How Celibacy Developed in the Early Church
In this brief clip from his teaching series A Survey of Church History, W. Robert Godfrey explains how the early church came to view celibacy as the life most pleasing to God. Watch this entire message for free today.
What do we discover? We discover that in the ancient church there begins to emerge, late second century into the early third century, there begins to be a movement of Christians who are embracing this kind of radical asceticism, often arising first of all in Egypt, and manifesting itself first of all in a hermit life. So, I decide I’m going to be ascetic, and part of what that means is I move out into the wilderness all by myself, just to live for God, just to be able to spend my life fasting and praying, fighting with the demons – some of the hermits lost, they went crazy out there alone. But that craziness itself was turned into a virtue in the church that they’d been kissed by God, they’ve entered into a kind of union that we can’t understand. But here, you see, was the, here was the goal that they would be able to be these radically sold out people for Christ. And then, that began to be regularized into some kind of community living, and this was the beginning of the growth of monasticism, of communities of people, men set aside, and women set aside into communities where they would devote themselves entirely to the service of God and prayer, as they understood it.
And this also then began gradually to influence the life of the clergy, and people began to say, “Well, if these monks and nuns ought to be ascetic, shouldn’t the clergy altogether live that way? Wouldn’t it be best to have clergy who were disciplined in that way and were devoted in that way?”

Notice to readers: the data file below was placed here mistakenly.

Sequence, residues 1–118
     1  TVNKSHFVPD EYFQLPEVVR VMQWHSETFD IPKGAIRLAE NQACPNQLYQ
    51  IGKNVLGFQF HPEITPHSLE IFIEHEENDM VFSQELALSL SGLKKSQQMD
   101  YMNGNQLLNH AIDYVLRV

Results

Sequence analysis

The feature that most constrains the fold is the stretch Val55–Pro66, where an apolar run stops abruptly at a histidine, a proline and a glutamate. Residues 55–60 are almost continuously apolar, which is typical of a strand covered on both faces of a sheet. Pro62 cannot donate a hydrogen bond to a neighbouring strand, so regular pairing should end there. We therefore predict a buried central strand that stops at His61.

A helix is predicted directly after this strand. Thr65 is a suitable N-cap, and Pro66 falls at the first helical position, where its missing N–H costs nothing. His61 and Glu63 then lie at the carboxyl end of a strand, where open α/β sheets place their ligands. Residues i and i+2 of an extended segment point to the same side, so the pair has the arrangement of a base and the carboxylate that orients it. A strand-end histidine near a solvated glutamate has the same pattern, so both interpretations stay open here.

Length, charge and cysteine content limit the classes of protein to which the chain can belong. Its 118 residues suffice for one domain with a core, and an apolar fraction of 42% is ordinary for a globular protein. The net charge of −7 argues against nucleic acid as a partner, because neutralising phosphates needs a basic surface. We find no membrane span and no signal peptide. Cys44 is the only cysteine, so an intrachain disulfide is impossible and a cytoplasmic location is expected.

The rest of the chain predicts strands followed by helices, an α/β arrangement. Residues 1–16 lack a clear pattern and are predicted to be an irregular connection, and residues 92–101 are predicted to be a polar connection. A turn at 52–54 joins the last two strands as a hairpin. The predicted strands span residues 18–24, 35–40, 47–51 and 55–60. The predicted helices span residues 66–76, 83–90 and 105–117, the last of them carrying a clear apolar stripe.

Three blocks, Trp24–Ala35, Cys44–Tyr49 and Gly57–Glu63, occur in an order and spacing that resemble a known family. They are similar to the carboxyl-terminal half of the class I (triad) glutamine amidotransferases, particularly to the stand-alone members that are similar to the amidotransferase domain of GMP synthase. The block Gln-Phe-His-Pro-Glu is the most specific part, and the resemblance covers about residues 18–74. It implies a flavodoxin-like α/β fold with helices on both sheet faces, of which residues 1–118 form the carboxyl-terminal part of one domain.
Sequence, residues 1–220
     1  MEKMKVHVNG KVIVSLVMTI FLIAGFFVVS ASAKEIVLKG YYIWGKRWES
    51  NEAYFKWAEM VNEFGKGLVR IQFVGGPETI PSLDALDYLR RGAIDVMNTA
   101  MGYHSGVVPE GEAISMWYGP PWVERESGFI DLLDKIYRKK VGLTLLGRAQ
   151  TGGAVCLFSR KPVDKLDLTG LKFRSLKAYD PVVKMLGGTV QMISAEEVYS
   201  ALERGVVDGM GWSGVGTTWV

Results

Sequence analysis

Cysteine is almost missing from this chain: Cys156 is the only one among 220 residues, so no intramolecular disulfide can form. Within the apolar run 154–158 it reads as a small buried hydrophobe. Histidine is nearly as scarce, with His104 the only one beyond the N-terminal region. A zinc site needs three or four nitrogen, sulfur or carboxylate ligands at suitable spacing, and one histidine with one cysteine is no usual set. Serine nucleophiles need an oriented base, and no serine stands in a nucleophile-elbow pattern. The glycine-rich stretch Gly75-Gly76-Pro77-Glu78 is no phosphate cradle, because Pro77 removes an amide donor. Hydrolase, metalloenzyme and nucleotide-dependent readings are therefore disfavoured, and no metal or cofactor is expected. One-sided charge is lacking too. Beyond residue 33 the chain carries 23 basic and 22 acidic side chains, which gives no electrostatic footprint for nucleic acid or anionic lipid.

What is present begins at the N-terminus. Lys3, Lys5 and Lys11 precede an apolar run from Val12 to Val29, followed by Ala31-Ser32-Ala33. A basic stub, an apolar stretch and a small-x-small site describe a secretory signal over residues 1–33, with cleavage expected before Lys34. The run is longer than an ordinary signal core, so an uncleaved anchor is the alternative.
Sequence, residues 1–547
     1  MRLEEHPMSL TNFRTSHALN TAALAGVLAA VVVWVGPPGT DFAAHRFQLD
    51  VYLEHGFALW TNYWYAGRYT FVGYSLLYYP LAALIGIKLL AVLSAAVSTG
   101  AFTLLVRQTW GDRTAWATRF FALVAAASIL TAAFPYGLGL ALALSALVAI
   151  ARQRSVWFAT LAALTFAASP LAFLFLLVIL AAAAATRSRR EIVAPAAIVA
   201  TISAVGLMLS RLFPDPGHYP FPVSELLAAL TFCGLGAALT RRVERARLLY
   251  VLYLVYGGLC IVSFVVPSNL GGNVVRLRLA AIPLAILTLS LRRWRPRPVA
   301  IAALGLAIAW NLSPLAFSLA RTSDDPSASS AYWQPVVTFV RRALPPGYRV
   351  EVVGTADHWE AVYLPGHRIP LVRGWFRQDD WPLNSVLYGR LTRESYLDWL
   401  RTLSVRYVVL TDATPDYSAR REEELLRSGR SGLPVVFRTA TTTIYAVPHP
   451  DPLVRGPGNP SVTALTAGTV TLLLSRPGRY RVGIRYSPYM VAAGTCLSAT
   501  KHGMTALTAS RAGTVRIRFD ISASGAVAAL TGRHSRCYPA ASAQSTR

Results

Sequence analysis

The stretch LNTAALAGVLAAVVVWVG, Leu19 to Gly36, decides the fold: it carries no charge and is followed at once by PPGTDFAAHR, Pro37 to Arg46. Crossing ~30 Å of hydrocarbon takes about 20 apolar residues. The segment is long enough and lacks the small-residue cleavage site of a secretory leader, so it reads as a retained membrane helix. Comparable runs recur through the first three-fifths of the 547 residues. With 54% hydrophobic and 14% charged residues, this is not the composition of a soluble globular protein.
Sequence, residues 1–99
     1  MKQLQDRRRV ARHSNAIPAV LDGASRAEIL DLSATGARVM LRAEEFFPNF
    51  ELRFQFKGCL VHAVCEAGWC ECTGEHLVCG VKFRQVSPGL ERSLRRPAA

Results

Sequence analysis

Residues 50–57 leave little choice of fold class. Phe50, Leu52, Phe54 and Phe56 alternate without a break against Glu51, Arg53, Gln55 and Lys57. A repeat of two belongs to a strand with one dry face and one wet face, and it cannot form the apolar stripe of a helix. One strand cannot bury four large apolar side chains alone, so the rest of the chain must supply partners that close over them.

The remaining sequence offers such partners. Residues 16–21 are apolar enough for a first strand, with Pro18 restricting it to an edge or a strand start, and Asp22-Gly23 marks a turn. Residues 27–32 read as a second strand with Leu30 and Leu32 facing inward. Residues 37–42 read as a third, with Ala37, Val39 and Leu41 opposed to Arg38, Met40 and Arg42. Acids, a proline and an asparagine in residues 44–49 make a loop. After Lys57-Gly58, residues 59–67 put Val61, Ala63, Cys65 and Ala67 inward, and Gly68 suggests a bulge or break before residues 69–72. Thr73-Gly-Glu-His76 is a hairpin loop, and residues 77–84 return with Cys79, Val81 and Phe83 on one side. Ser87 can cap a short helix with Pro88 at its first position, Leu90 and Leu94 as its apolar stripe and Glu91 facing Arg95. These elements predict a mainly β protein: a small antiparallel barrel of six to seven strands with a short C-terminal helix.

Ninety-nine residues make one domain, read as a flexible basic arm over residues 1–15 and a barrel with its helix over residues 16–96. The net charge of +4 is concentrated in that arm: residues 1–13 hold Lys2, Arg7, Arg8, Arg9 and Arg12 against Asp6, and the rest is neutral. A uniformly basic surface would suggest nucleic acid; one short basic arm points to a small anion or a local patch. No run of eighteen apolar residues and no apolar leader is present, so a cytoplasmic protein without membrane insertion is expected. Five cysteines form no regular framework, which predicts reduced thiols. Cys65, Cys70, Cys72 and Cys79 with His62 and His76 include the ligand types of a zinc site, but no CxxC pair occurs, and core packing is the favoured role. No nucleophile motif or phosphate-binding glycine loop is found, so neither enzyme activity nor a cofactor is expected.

So that idea began to grow up in the church as well. And eventually in the western church, what today we know as the Roman Catholic Church, eventually, by the late ancient period, the Roman Catholic Church was insistent that all of her priests should be celibate. And that practice continues to this day. But in the eastern church, the practice continues to this day that you can marry as a priest as long as you get married before you’re ordained to the priesthood. You can’t get married after you’re ordained, which has the practical consequence of trying to find a really healthy girl, you don’t want her dying on you, this would be very problematic. Only bishops in the Eastern Church cannot be married. So you have this, you see, spiritualizing direction being tied to this world, seeing the value of family as a bad thing. We need to be denying of the body, being denied the pleasures of this world so that we can give ourselves one hundred percent to the service of God.
This emerged out of the kind of thing we see in Origen. It emerged out of the spiritualizing, Platonizing atmosphere of the ancient church, and continues to cast this long shadow in the history of the church, that somehow the celibate life is the life most pleasing to God.